Mellow, Chilled-Out Fellow
Here are some of the superlatives you read from scribes far and wide about Rap-A-Lot recording artist Devin the Dude: "Your favorite rapper's favorite rapper...," "the most underrated rapper in hip-hop today...," "the greatest hip-hop artist you've never heard...," "the most uncategorizable figure in all hip-hop..."
All of those superlatives are matters of taste, but even if you don't believe that he's one of the best in the world today (which this writer does), you'll have to agree that he's hard to peg. And the man himself is amused by all the praise, especially when you ask him why he's not a superstar on the level of Eminem or 50 Cent yet. He's not -- he's still pretty much a cult favorite, even though he's dropped guest-verses on records by Dr. Dre, the Roots, De La Soul and Nas.
But his own albums are hard to find. Rap-A-Lot has allowed all of them except his most recent, To Tha X-Treme, to go out of print. Which is a tragedy, because while most MCs are keen to enumerate all the ways they can physically kick your ass, Devin lets his elaborate rhymes and considerable singing expertise do the whipping. He sounds something like Snoop Dogg with better skills and without the L.A. gang aura, a deceptively lazy-voiced fellow who loves sex, weed and booze, and can tell you how and why without ever boring you -- in fact, he keeps you in stitches all the way. Like he says, he's a "cooled-out mellow, chilled-out fellow, smokin'-out kinda dude." And just when you think that's all he can do, he hits with a philosophical rumination like the title track to the 2002 album Just Tryin' Ta Live or X-Treme's "Briar Patch."
Devin the Dude
Brer Rabbit's not the only mythical creature he's written about. On X-Treme's best cut, he also takes on that perpetually soused and/or stoned Southern legend "Cooter Brown." "When we was growin' up we would always hear, 'Well, he was higher than Cooter Brown' or 'He was drunker than Cooter Brown!' And I was like, 'Who is this Cooter Brown? Somebody likes to get fucked up!' But he was, like, this myth. So this song is meant to be what he would say to the world if he was real."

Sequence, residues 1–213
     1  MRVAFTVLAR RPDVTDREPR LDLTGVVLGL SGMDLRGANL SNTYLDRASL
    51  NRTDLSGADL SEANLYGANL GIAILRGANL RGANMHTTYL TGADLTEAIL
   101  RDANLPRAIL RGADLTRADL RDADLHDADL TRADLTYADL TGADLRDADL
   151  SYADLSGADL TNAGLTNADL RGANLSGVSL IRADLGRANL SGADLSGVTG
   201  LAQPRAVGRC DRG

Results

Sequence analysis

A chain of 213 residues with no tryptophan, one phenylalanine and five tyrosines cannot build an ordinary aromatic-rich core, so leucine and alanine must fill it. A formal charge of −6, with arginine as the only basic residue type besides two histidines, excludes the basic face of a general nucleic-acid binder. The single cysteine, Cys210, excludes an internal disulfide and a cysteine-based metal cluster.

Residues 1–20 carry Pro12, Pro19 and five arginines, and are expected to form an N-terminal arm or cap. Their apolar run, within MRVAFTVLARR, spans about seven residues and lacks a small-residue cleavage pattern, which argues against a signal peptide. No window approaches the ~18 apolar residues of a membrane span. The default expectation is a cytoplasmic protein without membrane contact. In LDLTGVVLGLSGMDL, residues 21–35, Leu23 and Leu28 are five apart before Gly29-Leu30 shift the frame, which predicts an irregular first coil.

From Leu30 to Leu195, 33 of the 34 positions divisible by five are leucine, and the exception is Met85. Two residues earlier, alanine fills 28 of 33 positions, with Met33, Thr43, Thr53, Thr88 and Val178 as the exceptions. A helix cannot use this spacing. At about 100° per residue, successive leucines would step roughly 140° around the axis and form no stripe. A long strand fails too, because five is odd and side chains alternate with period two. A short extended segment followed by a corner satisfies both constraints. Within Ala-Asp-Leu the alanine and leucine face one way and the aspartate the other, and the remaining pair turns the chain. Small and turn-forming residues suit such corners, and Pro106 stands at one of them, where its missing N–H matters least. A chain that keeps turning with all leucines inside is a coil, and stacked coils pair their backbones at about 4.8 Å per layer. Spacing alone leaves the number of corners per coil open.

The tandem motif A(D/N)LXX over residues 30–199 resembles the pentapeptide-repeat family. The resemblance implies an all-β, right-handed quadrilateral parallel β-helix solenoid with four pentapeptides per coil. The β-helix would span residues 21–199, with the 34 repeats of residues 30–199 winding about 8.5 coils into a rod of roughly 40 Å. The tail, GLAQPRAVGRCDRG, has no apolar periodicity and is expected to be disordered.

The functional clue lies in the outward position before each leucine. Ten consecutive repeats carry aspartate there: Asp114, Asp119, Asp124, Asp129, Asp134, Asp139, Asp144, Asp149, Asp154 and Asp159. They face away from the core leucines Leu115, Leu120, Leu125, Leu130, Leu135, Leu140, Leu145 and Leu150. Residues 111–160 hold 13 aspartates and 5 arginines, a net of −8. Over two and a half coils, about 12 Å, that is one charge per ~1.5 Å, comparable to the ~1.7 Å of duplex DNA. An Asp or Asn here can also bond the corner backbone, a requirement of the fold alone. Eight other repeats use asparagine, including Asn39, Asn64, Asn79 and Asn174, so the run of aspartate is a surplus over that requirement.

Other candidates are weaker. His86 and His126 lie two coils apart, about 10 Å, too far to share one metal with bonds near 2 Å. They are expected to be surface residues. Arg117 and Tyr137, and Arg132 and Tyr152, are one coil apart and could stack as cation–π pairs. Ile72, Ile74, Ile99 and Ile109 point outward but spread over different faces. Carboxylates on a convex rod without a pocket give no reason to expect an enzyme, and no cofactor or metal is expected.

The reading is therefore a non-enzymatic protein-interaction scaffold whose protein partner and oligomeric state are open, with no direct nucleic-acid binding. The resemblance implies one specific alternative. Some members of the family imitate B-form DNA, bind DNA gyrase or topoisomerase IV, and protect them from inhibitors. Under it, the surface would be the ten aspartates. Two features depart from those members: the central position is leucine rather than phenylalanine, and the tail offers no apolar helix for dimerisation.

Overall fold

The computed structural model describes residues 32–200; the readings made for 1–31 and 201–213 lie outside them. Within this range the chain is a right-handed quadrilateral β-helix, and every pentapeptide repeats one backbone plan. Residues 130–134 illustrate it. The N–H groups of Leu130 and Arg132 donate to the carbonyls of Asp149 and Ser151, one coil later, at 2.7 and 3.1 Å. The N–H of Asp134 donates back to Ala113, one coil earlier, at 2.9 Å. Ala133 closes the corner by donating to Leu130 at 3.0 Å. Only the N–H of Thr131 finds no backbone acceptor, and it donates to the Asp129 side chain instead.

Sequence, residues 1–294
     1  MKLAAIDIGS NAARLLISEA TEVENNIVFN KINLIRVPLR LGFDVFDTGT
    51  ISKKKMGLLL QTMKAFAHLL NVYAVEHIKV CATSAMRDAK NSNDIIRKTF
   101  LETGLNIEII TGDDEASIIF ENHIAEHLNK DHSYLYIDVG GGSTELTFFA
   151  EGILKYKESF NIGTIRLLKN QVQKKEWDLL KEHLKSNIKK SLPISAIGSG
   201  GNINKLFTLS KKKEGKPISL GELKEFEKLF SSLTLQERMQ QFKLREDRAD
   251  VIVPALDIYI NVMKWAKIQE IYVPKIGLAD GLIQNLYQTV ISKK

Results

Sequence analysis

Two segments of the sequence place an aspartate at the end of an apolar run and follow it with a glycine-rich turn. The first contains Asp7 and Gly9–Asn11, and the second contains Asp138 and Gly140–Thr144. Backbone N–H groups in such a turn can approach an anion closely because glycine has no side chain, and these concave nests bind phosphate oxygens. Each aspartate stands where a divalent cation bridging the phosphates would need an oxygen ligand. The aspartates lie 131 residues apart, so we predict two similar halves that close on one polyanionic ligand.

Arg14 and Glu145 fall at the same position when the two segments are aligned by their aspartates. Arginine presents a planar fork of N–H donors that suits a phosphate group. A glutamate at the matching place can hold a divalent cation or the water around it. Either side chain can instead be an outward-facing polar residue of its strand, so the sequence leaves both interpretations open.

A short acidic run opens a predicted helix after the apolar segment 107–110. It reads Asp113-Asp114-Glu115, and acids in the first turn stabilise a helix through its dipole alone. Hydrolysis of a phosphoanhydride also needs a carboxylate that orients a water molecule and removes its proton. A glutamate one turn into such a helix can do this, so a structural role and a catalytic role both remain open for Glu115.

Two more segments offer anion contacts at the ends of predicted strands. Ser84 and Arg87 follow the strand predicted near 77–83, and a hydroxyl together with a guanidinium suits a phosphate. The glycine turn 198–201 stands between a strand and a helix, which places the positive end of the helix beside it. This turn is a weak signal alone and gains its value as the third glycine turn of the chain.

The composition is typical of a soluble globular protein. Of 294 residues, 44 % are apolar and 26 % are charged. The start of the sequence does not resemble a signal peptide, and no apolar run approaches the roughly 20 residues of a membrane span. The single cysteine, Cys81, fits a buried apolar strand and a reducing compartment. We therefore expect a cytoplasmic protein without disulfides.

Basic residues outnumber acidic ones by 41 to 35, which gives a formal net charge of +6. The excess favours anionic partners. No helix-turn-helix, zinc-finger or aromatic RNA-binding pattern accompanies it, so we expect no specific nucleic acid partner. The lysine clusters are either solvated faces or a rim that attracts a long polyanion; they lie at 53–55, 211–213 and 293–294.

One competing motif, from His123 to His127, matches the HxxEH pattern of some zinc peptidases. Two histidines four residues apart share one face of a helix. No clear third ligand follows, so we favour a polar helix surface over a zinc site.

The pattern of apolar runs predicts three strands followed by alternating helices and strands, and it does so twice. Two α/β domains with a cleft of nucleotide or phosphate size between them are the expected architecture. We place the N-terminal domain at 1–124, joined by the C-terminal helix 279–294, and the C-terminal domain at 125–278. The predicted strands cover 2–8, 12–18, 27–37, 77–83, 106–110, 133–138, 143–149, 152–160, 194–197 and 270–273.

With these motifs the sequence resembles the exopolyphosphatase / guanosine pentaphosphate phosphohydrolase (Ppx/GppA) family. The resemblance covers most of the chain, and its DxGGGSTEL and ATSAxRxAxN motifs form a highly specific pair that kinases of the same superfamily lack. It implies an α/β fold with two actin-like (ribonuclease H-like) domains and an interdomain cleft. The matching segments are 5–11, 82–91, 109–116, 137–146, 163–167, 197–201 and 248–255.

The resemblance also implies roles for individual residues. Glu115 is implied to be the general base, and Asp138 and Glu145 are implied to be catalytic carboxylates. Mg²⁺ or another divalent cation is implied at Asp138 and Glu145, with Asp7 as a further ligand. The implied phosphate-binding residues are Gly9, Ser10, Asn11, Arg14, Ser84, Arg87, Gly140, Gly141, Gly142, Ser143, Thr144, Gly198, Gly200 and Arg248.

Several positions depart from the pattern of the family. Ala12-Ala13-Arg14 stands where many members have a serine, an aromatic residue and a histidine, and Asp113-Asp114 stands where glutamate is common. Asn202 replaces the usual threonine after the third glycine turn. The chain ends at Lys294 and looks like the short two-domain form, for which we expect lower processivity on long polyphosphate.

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Where most rappers brag about all their illicit conquests in the bedroom, Devin's cheatin' protagonists always get a hilarious comeuppance in the end: They end up frustrated as they pursue their "boom-shakka-lakka" in a van or watch as a muscle-bound Jamaican makes off with their woman. And while most of the Houston rappers you read about and hear on the Box and see on MTV boast ad nauseam about their candy-painted "slabs," Devin's ride is a classic gray 1979 Cadillac Sedan de Ville.
And that old-school car strongly hints at his musical style. His languid flow, penchant for Vocoders and laid-back jams -- you could almost call them "easy listening hip-hop," but that wouldn't do justice to their funkiness -- take you back to about 1980, when hip-hop's cloud was just beginning to take shape above the dying embers of old-school soul and R&B, disco, blues and jazz.
And in Devin's case, classic rock and the funk-blues of pimpalicious Third Ward native Johnny "Guitar" Watson, not to mention "Ambrosia, Steve Miller Band, Eagles, Steely Dan, Paul Simon..." He even likes Paul McCartney and Wings. "Songs like that that I grew up with, like Casey Kasem-type tracks."
We're sitting in the control booth at his Unknown Studios, his little haven tucked in an extremely functional office park next door to an exceedingly ramshackle trailer park in the wilds of the Gulfton barrio. Devin -- born Devin Copeland in Florida and raised there and in northeast Texas and Houston -- is smoking menthol cigarettes and nipping on Budweiser after Budweiser. He says he hopes to have a new solo album by the end of the year, and that the long-awaited Odd Squad reunion album will come after that.